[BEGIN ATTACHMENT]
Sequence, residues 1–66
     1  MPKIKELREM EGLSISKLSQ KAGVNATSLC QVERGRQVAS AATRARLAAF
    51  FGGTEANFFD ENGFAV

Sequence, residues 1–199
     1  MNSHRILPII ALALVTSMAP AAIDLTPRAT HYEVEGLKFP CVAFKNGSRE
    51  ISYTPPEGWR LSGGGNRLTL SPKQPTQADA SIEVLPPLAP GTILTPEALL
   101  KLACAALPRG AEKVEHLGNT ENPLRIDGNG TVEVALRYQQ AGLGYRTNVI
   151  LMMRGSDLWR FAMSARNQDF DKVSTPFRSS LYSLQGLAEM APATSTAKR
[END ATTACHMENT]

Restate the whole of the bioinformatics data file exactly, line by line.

Sequence, residues 1–66
     1  MPKIKELREM EGLSISKLSQ KAGVNATSLC QVERGRQVAS AATRARLAAF
    51  FGGTEANFFD ENGFAV

Sequence, residues 1–199
     1  MNSHRILPII ALALVTSMAP AAIDLTPRAT HYEVEGLKFP CVAFKNGSRE
    51  ISYTPPEGWR LSGGGNRLTL SPKQPTQADA SIEVLPPLAP GTILTPEALL
   101  KLACAALPRG AEKVEHLGNT ENPLRIDGNG TVEVALRYQQ AGLGYRTNVI
   151  LMMRGSDLWR FAMSARNQDF DKVSTPFRSS LYSLQGLAEM APATSTAKR